It is now more than five months since we started the journey as the first 16 YAC participant pioneers. We arrived in Pietermaritzburg, South Africa, on the 10th of July and had a three weeks preparation course in where we were taught so much. Not only did we learn new skills and knowledge on topics such as identity and advocacy work, we also learned a lot about ourselves. Young Advocates for Change 2016 has been a program that aimed to open the eyes of young people, to embrace change, and to speak out on behalf of the community and the key issues affecting people living there. Challenging policies, changing the usual ways of doing things, and encouraging responsibility as young people. To be responsible people.
Upon arrival in Zimbabwe, we had an idea of what we were supposed to do during our stay here. However, we did not yet know how we would go through with our tasks. Looking back, we have gone through both challenges and successes. It has been an experience, lots of learning, and we have been challenged to do the best we possibly can.
Our journey was not a walk in the park. Maybe we can blame it on the cash economy, which has been a great setback for the country – affecting both young people and its citizens at large. Some young people are no longer up to volunteering because they may prioritize income generative activities. There was less activities done by the youths due to this. Together with the Branch manager, we tried to come up with creative solutions and we chose that we could still join in on activities and be visible through activities planned outside YMCA, especially in various Youth Centres in the area.
YMCA organized quizzes during our exchange. These those quizzes taught us how to use such events for youths to learn about specific issues in the community. Apart from the quizzes, we were able to do numerous activities that we both planned and joined in on. We had Subject 2 Citizen trainings with youths and students in Y-clubs. These training’s taught both us and the participants a lot, and after a while they also became a sort of power space where the participants felt safe to express what was on their minds. We also emphasized on stakeholder engagement which made us able to facilitate sessions in various Youth Centres. This helped YMCA Bulawayo increase visibility and we reached out to many youths about the organization.
Our major success was the African Youth Day. We had planned for this day for a long time. Though the financial resources were very limited, we were able to come up with a program for the youths that was both educative and entertaining. We got much positive feedback, and we learned so much ourselves from planning the activity and going through with the day itself. The Ministry of Youth, Indigenisation and Economic Empowerment also attended the event, where they acknowledged the importance of recognizing the African Youth Day.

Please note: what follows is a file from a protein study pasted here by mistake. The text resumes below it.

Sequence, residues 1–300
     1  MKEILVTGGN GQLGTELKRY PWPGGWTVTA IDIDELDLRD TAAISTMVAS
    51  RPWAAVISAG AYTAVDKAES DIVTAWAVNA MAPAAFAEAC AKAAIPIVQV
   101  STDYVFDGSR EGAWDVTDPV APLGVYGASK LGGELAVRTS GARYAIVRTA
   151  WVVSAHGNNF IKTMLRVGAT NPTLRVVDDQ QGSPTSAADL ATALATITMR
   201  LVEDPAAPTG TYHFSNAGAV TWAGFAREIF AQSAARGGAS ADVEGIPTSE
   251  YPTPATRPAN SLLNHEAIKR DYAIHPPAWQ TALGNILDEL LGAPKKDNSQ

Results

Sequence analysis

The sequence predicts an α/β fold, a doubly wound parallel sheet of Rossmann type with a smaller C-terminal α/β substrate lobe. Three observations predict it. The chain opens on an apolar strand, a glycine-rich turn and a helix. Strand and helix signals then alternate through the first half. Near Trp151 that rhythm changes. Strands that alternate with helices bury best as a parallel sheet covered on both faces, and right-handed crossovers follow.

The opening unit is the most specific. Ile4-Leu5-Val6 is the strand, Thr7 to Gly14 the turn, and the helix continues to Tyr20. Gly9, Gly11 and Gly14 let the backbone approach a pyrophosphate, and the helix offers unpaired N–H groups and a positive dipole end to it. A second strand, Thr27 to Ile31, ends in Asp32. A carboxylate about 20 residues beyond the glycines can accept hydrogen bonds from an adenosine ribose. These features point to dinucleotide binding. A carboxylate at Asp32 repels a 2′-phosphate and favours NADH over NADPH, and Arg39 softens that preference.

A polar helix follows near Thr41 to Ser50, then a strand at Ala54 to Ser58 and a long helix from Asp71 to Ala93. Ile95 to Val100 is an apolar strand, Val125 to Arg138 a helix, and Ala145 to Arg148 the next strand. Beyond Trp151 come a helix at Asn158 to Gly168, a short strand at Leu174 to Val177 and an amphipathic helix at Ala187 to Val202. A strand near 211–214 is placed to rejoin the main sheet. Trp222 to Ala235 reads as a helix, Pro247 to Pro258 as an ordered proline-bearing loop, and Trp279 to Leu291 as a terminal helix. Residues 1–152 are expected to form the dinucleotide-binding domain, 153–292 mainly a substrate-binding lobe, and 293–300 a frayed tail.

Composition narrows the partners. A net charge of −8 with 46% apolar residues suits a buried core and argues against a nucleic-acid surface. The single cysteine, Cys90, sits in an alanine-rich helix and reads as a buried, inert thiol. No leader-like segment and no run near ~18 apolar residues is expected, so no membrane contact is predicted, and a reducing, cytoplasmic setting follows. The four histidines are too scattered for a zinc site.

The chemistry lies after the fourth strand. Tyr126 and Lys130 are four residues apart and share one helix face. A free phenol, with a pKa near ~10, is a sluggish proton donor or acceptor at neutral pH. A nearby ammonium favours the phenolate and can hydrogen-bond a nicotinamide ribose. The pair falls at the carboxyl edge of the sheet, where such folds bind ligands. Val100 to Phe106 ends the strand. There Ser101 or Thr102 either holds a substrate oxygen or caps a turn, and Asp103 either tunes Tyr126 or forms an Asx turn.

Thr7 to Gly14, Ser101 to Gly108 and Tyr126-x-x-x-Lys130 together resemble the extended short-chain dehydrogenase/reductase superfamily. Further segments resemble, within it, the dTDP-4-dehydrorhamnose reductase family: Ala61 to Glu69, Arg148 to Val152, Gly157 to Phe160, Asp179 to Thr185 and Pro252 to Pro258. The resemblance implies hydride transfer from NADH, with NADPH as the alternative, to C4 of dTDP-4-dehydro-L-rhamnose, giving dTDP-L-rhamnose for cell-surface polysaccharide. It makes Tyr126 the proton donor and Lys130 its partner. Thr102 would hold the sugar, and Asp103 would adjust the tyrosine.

We are so grateful for our opportunity to be in Zimbabwe as YAC participants. We have experienced so much while we have been here. Learning new cultures, being able to understand a few words of the local language, was priceless for us. We have exchanged realities with a different country and found time to teach on issues of tolerance in all diversities. We have seen the value of peace, both in our communities, and countries.
Reviewing our experience, we now realize we have learned so much during this exchange. We have gained skills and knowledge that is useful in future work life. We have developed in terms of personal characteristics and built confidence in facilitation, professional and leading skills.
It’s almost a week before our journey in Zimbabwe comes to an end and we leave to our home countries. We now continue with the journey we started on the 10th of July 2016 as we go back to our home countries. From the YAC exchange, we are taking with us experience which we intend to share with other young people back home. Activities such as Gender Based Violence and inter generational dialogues should be kept burning by the YMCA Bulawayo. This, we hope, will positively change behaviours of young people and the general communities. This will only work if we speak out and push for change in one voice as change is all around us, and especially within us.
Source: Maureen Nambuye Malaba and Lisa Birgitta Lundgaard